Toronto Metropolitan University
Browse
Cuthbertson, Hayley.pdf (509.97 kB)

Political Capital, the COVID-19 Pandemic, and Pathways to Permanent Residency for Low-Skilled Migrant Workers: A Bourdieusian Perspective

Download (509.97 kB)
thesis
posted on 2024-02-08, 22:02 authored by Hayley Cuthbertson

The COVID-19 pandemic has had a swift and dramatic impact on every aspect of Canadian life. This paper explores how the socio-economic effects of the COVID-19 pandemic have altered the positionality of low-skilled migrant workers in the Canadian immigration regime and labour market. Using Pierre Bourdieu’s sociological framework and concept of political capital, this paper seeks to explain how low-skilled migrant workers temporarily benefited from the distinction they received as essential workers during the pandemic in the form of new, albeit temporary, pathways to permanent residency. The designation of “essential” provided to low-skilled migrants and the distinction that accompanied it allowed them to experience an increased accumulation of political capital and redistribution of influential power. This paper will examine the Temporary Residency to Permanent Residency Pathway and Guardian Angel Program as examples of the fluctuations in Immigrant, Refugees and Citizenship in Canada’s practices during the pandemic and as temporary public policy responses to the increase in political capital accumulated by low-skilled migrant workers.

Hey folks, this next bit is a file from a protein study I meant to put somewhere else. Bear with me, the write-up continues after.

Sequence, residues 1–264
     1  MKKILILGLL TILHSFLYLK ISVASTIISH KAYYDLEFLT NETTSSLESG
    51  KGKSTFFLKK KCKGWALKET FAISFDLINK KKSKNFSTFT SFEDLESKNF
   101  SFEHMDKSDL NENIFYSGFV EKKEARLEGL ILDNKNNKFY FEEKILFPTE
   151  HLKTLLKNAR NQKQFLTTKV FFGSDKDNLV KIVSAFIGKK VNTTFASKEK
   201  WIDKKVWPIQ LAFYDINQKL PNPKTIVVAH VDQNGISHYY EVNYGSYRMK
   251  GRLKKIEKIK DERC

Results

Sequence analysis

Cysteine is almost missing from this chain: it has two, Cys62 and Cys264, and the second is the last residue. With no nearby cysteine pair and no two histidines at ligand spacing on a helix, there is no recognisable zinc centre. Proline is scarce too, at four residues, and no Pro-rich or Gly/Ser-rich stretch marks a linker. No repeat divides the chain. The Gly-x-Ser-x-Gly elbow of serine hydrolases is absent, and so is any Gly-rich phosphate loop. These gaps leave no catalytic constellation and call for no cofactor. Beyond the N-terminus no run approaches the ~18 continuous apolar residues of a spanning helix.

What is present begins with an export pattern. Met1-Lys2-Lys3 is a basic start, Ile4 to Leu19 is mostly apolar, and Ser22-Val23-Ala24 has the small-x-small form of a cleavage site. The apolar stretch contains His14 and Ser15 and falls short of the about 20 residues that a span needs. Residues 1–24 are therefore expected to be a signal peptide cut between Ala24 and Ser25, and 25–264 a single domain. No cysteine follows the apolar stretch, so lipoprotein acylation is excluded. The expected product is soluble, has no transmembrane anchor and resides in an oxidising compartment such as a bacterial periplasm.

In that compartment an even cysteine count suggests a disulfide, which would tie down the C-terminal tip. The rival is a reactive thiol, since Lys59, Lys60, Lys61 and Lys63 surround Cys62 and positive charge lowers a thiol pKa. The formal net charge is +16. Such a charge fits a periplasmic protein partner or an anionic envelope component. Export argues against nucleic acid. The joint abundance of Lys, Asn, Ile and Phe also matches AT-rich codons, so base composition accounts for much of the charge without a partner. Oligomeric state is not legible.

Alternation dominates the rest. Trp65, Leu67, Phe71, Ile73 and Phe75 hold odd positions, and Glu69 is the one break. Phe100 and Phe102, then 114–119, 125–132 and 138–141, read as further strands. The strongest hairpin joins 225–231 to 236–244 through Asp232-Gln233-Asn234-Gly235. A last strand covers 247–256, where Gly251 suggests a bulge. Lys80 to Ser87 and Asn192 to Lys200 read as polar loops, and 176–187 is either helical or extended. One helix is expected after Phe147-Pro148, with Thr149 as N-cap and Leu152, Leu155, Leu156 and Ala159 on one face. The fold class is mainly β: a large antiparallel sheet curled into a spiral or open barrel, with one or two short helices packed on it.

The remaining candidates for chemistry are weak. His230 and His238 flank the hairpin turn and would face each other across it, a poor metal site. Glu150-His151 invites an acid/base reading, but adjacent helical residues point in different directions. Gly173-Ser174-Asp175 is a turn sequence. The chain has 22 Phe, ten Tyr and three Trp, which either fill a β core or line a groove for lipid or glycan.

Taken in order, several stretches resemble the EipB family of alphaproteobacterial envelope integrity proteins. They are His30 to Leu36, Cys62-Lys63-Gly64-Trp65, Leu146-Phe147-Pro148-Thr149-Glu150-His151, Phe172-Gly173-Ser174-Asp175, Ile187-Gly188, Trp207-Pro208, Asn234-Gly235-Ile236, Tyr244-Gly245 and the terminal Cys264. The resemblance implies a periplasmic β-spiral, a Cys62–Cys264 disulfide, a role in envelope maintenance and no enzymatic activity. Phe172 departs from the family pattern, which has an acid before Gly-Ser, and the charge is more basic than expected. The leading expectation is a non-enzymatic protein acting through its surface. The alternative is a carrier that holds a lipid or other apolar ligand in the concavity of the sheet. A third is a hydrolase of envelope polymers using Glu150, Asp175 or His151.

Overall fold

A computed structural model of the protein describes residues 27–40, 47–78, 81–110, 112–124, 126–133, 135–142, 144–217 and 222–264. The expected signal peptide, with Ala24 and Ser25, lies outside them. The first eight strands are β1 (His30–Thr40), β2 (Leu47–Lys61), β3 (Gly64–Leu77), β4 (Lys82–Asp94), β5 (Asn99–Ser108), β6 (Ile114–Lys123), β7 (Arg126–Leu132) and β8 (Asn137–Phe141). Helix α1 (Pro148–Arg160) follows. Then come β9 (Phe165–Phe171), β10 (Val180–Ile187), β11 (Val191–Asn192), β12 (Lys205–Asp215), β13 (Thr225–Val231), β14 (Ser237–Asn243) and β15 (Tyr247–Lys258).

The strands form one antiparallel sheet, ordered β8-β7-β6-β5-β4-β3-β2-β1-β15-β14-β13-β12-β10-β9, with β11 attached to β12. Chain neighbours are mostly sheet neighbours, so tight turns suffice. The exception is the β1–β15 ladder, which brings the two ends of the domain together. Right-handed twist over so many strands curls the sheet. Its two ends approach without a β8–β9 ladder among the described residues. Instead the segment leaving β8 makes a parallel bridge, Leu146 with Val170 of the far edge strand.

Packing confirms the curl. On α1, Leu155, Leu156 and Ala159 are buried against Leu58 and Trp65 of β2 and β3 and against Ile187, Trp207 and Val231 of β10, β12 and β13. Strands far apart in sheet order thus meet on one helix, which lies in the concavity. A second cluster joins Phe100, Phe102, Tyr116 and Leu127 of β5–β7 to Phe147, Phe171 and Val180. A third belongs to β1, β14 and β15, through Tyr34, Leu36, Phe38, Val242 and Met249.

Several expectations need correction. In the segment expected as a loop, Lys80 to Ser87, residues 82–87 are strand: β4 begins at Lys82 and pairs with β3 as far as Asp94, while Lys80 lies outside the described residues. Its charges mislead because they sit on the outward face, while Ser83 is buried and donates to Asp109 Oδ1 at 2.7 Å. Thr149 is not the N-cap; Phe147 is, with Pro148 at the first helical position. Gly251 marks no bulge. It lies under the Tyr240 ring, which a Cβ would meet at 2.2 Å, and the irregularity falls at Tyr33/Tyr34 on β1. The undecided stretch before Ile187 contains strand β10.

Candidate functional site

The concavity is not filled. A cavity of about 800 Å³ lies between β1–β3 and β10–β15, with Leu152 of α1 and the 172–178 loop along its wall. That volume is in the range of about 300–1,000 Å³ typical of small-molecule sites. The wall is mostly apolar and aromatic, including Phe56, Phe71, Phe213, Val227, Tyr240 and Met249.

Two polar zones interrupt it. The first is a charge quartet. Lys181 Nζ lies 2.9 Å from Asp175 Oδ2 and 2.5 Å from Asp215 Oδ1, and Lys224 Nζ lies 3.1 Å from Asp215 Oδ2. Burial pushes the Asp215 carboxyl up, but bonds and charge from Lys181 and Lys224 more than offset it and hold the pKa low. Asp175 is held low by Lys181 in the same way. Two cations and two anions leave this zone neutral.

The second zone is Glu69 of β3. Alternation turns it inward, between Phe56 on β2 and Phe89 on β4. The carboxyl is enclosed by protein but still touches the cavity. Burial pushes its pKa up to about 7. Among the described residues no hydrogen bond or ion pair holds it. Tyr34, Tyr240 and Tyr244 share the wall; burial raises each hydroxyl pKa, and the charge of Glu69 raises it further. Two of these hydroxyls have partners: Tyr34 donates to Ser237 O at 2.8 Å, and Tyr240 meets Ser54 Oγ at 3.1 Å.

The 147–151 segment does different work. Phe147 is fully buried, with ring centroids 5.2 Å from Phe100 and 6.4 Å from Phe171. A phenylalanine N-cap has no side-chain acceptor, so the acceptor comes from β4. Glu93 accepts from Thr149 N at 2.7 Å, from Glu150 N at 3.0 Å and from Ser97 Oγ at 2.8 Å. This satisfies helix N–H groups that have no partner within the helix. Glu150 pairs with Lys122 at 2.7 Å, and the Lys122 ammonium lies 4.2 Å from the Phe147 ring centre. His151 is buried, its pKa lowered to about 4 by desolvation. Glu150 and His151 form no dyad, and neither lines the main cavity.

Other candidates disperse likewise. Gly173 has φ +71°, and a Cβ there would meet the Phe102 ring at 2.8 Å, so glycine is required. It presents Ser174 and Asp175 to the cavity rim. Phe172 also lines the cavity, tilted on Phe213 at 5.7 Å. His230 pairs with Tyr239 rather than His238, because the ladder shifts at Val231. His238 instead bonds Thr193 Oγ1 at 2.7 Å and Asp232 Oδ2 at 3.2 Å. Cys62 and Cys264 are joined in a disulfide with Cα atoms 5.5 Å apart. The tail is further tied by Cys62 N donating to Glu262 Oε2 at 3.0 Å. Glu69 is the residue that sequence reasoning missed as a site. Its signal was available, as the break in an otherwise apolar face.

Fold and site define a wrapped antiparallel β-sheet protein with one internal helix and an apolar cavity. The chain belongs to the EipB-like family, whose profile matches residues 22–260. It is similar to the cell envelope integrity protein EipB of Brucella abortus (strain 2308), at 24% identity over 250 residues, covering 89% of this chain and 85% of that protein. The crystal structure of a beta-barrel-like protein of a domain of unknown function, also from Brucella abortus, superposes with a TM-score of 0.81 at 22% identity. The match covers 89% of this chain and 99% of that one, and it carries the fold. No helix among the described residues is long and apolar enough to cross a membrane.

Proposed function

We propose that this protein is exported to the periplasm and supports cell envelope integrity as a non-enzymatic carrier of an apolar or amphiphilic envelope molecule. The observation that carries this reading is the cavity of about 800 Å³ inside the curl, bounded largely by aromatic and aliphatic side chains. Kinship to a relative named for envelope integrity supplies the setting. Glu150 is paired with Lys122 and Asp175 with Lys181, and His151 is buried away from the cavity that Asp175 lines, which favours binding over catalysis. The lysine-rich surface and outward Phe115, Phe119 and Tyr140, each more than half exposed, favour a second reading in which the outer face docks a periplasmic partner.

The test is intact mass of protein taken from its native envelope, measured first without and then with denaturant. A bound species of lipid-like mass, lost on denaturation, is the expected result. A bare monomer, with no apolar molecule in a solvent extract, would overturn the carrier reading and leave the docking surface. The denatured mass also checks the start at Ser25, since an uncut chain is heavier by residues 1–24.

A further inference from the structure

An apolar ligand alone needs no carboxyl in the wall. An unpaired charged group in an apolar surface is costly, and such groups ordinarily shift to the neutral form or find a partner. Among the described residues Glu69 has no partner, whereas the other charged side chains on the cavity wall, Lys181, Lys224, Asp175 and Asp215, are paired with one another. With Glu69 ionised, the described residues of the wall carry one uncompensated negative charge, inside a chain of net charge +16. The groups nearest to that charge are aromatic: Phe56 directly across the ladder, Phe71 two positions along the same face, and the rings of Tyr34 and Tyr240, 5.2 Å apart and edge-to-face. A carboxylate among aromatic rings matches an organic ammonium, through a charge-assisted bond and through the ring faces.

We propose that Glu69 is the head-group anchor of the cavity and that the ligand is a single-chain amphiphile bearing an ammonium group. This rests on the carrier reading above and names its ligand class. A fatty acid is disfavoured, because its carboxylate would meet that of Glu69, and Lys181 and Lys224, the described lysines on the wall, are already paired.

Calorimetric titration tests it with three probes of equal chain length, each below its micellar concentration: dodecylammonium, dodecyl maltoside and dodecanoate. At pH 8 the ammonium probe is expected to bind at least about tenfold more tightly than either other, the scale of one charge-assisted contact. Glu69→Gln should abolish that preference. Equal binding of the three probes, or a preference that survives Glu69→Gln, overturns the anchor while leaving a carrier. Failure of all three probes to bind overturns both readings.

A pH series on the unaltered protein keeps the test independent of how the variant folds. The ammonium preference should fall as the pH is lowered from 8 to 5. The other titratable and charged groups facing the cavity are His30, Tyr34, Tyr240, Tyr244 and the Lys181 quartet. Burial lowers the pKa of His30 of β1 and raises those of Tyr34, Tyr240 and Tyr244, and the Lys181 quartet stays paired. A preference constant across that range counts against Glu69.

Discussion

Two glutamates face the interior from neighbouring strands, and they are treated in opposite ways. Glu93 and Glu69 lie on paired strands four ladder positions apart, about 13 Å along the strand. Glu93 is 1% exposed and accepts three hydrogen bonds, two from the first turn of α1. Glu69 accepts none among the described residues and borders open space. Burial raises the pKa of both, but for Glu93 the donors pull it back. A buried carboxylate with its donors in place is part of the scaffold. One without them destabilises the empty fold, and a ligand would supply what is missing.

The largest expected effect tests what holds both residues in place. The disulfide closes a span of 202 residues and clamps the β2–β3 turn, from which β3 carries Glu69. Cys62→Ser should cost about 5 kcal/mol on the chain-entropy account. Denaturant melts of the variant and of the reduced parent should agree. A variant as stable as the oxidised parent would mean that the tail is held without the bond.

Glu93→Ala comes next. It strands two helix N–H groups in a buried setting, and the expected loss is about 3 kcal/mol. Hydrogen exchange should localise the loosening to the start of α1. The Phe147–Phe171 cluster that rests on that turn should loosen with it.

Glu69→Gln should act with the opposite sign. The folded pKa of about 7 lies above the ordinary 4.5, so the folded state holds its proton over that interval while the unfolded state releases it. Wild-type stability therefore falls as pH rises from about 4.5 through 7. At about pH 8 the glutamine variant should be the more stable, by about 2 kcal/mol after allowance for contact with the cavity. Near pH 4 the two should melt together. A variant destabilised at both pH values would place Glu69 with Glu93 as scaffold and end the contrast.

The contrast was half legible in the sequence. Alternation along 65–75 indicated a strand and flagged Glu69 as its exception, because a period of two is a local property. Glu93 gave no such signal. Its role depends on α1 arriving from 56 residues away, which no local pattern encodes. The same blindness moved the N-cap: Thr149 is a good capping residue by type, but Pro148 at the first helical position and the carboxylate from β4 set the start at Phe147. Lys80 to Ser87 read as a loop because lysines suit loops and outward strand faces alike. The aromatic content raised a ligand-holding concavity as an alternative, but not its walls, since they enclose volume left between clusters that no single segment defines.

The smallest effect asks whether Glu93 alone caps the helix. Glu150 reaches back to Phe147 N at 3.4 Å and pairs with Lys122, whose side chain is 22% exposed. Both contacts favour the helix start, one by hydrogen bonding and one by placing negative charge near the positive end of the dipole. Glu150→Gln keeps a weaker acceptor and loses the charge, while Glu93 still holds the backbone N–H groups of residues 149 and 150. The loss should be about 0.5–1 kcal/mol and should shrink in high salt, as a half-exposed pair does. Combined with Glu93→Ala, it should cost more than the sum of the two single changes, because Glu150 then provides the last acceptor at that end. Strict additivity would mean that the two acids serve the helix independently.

History

Language

English

Degree

  • Master of Arts

Program

  • Immigration and Settlement Studies

Granting Institution

Ryerson University

LAC Thesis Type

  • MRP

Thesis Advisor

Dr. John Shields

Usage metrics

    Immigration and Settlement Studies (MRPs)

    Categories

    Exports

    RefWorks
    BibTeX
    Ref. manager
    Endnote
    DataCite
    NLM
    DC